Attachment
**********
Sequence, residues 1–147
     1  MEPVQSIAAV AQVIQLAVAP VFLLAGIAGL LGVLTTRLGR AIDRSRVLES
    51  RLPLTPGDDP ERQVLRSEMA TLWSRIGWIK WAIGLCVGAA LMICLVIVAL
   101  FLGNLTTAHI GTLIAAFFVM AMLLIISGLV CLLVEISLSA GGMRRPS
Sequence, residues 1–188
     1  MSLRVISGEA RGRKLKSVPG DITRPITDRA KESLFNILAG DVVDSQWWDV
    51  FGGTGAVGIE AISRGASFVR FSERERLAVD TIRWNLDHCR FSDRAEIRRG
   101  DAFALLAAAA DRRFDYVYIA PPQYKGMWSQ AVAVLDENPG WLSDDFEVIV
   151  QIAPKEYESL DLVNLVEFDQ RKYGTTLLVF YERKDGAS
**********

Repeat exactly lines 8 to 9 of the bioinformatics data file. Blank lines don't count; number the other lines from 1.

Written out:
   101  DAFALLAAAA DRRFDYVYIA PPQYKGMWSQ AVAVLDENPG WLSDDFEVIV
   151  QIAPKEYESL DLVNLVEFDQ RKYGTTLLVF YERKDGAS